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PORTSIDE  April 2012, Week 1

PORTSIDE April 2012, Week 1

Subject:

China's Economy: The Frog & The Scorpion?

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Thu, 5 Apr 2012 20:42:36 -0400

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China's Economy: The Frog & The Scorpion?

Dispatches From the Edge

by Conn Hallinan

April 5, 2012

http://dispatchesfromtheedgeblog.wordpress.com/2012/04/05/china-the-frog-and-the-scorpion/ 

Behind the political crisis that saw the recent fall of
powerful Communist Party leader Bo Xiali is an internal
battle over how to handle China's slowing economy and
growing income disparity, while shifting from a cheap labor
export driven model to one built around internal
consumption. Since China is the second largest economy on
the planet--and likely to become the first in the next 20 to
30 years--getting it wrong could have serious consequences,
from Beijing to Brasilia, and from Washington to Mumbai.

China's current major economic challenges include a
dangerous housing bubble, indebted local governments, and a
widening wealth gap, problems replicated in most of the
major economies in the world. Worldwide capitalism--despite
China's self-description as "socialism with Chinese
characteristics"--is in the most severe crisis since the
great crash of the 1930s.

The question is: can any country make a system with serious
built in flaws function for all its people? While capitalism
was the first economic system to effectively harness the
productive capacity of humanity, it is also characterized by
periodic crises, vast inequities, and a self-destructive
profit motive that lays waste to everything from culture to
the environment.

Can capitalism be made to work without smashing up the
landscape? China has already made enormous strides in using
its version of the system to lift hundreds of millions of
people out of poverty and create the most dynamic economy on
the planet, no small accomplishment in an enormous country
with more than a billion people. Over the past 30 years,
China has gone from a poor, largely rural nation, to an
economic juggernaut that has tripled urban income and
increased life expectancy by six years.

But trying to make a system like capitalism work for all is
a little like playing whack-a-mole.

For instance, China's overbuilding has produced tens of
millions of empty apartments.  "If we blindly develop the
housing market [a] bubble will emerge in the sector. When it
bursts more than just the housing market will be affected,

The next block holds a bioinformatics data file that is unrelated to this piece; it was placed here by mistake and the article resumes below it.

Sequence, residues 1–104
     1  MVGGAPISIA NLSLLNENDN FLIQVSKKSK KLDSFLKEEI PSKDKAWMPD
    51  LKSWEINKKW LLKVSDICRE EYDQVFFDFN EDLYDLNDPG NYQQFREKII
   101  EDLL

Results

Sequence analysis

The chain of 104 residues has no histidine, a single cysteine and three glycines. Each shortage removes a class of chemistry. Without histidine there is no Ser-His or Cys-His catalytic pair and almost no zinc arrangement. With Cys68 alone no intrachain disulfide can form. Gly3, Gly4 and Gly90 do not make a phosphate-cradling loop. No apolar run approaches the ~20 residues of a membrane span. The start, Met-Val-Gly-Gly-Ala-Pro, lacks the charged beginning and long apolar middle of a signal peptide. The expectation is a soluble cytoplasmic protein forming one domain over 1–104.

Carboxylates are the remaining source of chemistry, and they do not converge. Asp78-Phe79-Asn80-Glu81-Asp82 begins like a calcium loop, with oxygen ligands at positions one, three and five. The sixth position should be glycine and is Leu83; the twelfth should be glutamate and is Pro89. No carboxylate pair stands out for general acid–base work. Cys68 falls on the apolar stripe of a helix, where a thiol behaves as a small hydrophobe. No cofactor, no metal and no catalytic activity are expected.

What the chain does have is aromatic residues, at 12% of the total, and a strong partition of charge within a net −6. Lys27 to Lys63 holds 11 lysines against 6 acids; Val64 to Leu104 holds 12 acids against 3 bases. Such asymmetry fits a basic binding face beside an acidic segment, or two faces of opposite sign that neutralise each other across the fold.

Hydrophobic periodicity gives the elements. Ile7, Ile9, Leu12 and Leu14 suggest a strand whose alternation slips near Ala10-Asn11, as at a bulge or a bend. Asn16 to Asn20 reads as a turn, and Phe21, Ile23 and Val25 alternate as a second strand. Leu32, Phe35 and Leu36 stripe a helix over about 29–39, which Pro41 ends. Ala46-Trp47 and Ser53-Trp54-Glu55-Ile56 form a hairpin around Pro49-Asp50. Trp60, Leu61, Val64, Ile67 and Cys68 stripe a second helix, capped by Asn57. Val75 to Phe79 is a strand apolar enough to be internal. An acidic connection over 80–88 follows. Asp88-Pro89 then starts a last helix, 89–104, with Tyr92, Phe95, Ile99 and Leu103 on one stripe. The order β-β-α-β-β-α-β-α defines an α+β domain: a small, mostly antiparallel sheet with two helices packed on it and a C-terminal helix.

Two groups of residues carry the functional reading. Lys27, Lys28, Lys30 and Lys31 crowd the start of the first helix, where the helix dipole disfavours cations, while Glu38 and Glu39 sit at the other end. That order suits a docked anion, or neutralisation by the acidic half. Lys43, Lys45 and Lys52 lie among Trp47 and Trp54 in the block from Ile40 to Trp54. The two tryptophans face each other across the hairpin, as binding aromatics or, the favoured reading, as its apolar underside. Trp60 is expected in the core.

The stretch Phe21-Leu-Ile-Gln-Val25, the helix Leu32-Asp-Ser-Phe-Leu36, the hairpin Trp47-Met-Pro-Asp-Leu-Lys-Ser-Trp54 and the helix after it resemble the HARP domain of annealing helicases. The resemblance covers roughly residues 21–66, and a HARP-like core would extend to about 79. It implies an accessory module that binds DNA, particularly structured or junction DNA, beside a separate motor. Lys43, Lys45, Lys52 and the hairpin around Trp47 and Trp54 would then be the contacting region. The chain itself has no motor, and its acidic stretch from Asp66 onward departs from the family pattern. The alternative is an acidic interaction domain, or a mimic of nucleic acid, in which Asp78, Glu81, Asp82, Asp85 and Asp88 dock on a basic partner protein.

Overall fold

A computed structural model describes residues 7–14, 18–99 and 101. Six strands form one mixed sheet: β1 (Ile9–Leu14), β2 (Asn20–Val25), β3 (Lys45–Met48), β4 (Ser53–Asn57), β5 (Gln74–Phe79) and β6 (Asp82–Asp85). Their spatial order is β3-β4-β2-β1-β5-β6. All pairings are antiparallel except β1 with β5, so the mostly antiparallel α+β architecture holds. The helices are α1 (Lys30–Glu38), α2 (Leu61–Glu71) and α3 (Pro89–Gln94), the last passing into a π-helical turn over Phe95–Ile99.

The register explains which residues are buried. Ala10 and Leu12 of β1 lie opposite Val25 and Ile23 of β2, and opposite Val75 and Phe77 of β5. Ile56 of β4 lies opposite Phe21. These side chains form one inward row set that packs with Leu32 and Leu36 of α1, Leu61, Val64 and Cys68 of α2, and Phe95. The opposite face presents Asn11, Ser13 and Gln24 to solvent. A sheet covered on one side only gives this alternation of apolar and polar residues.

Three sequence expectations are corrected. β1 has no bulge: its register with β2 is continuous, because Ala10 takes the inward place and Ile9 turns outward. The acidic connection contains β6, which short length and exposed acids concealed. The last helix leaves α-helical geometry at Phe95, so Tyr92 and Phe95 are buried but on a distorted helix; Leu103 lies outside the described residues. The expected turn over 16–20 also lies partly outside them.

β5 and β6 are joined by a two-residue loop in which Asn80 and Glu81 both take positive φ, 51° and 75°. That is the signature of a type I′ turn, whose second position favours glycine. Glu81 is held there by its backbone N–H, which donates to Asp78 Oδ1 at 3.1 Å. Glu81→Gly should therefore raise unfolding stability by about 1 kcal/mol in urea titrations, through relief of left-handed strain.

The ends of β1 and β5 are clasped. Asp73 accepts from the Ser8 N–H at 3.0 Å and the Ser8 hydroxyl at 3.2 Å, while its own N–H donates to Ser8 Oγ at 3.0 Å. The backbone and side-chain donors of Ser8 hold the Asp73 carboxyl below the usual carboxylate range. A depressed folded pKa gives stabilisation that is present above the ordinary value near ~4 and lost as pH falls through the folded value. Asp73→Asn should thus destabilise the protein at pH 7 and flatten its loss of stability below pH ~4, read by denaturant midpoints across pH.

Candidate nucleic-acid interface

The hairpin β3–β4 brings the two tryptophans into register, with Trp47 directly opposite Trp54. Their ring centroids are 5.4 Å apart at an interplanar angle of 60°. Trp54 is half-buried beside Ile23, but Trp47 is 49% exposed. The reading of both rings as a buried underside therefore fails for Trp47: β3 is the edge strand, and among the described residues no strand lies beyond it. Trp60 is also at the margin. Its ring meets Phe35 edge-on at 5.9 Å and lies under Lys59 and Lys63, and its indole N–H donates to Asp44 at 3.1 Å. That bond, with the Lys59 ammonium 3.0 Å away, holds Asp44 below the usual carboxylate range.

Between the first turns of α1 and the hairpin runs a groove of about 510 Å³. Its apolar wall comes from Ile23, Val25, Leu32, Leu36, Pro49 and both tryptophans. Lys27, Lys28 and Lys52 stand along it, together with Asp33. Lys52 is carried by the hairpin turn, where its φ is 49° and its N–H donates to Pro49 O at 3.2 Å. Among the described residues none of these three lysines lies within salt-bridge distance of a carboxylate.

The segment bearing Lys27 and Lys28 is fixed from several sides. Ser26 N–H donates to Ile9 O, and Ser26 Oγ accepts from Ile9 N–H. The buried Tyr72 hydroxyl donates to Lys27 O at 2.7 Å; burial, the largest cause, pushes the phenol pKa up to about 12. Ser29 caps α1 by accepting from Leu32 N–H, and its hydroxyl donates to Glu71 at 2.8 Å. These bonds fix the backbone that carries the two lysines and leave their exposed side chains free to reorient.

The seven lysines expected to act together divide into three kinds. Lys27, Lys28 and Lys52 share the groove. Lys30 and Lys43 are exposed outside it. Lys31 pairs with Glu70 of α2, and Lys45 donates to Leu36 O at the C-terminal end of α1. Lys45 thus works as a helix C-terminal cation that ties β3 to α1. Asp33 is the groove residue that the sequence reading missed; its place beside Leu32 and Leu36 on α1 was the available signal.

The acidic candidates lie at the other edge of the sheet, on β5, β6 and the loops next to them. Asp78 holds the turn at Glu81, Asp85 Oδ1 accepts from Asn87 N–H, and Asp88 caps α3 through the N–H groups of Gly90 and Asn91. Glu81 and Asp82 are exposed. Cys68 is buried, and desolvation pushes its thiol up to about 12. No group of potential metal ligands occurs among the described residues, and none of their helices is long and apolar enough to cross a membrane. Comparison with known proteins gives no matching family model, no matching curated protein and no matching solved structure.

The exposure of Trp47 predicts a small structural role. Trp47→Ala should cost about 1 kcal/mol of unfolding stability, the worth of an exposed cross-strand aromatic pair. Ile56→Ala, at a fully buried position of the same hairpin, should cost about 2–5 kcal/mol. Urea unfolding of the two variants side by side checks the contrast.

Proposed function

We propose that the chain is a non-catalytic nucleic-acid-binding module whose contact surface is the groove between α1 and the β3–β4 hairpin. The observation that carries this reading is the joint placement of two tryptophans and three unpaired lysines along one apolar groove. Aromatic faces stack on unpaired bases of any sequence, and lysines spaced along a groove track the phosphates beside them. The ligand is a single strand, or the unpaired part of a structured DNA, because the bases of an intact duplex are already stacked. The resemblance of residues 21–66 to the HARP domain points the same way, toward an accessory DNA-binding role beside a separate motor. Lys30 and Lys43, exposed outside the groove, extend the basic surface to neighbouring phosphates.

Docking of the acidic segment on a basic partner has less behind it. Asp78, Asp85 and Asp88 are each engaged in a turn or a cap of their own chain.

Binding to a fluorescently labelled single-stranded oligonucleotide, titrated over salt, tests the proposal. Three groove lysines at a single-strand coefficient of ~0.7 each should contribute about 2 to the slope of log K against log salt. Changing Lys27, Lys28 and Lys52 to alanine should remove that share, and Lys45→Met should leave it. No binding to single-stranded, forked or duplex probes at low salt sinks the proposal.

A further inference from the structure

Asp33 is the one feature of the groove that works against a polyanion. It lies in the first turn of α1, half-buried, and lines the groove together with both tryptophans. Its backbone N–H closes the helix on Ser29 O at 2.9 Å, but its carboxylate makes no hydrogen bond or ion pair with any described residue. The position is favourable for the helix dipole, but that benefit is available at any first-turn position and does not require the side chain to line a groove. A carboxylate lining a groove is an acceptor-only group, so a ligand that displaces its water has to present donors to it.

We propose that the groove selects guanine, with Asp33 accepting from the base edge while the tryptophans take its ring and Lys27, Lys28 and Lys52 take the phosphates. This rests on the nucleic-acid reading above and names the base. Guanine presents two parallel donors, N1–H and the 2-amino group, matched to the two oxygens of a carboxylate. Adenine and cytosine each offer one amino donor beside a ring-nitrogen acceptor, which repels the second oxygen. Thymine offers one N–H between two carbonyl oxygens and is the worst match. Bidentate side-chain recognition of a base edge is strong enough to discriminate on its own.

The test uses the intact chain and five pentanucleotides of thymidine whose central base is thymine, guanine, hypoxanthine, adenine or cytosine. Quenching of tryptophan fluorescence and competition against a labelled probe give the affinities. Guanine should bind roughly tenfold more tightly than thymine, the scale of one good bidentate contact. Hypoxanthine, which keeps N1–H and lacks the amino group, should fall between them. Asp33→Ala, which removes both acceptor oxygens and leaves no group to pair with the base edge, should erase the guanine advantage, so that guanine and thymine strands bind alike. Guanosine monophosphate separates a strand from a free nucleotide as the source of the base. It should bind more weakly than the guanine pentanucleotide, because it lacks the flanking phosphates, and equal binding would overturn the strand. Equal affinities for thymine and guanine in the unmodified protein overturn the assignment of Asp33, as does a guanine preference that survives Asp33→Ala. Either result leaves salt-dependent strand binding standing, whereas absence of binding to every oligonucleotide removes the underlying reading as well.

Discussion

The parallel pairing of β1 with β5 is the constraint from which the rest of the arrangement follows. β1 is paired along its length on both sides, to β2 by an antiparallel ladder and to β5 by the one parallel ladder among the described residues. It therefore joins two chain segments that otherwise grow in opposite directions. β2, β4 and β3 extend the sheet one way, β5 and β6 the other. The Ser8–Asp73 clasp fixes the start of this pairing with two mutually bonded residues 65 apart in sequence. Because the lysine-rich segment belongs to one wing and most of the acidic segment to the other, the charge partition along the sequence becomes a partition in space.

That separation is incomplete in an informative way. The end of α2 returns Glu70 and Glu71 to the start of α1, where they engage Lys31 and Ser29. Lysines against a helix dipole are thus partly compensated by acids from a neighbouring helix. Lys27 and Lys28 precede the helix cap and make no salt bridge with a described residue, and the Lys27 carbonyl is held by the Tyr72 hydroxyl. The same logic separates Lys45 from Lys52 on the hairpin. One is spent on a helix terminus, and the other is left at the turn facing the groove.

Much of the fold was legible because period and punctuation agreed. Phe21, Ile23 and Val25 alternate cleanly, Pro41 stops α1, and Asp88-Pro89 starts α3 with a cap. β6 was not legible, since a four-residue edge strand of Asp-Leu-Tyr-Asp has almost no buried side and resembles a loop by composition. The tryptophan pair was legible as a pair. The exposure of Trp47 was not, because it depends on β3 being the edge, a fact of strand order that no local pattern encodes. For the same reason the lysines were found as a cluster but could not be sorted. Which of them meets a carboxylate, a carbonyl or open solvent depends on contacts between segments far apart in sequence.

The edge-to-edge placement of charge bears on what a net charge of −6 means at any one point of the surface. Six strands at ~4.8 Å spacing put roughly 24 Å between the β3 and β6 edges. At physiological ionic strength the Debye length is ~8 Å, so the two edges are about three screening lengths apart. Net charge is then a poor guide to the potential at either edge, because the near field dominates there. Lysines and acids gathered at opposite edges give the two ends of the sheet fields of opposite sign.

it will weigh on the Chinese economy," said China's Premier,
Wen Jiabao. And, indeed, by controlling the banks--and thus
credit and financing--real estate prices have recently
fallen in most mainland cities.

But since 13 percent of China's Gross Domestic Product is
residential construction, a sharp drop in building will
produce unemployment at the very time that a new five-year
plan (2011-2015) projects downshifting the economy from a 9
percent growth rate to 7.5 percent.

What worries China's leaders is that one of capitalism's
engines of self-destruction--economic injustice and
inequality--is increasing.  According to Li Shu, an
economist at Beijing Normal University, from 1988 to 2007,
the average income of the top 12 percent went from 10 times
the bottom 10 percent, to 23 times the bottom 10 percent.
According to the Financial Times, it is estimated that
China's richest 1 percent control 40 to 60 percent of total
household wealth.

Wealth disparity and economic injustice have fueled
"incidents," ranging from industrial strikes to riots by
farmers over inadequate compensation for confiscated land.
Endemic local corruption feeds much of the anger.

The government is trying to address this issue by raising
taxes on the wealthy, lowering them on the poor, and
including more "poor" in a category that makes them eligible
for subsidies. Wen said last year that China aims to
"basically eradicate poverty by 2020." According to the
United Nations, some 245 million Chinese still live in
extreme poverty.

Beijing has also reined in the sale of land by local
municipalities. But since the major way that cities and
provinces generate money is through land sales, this has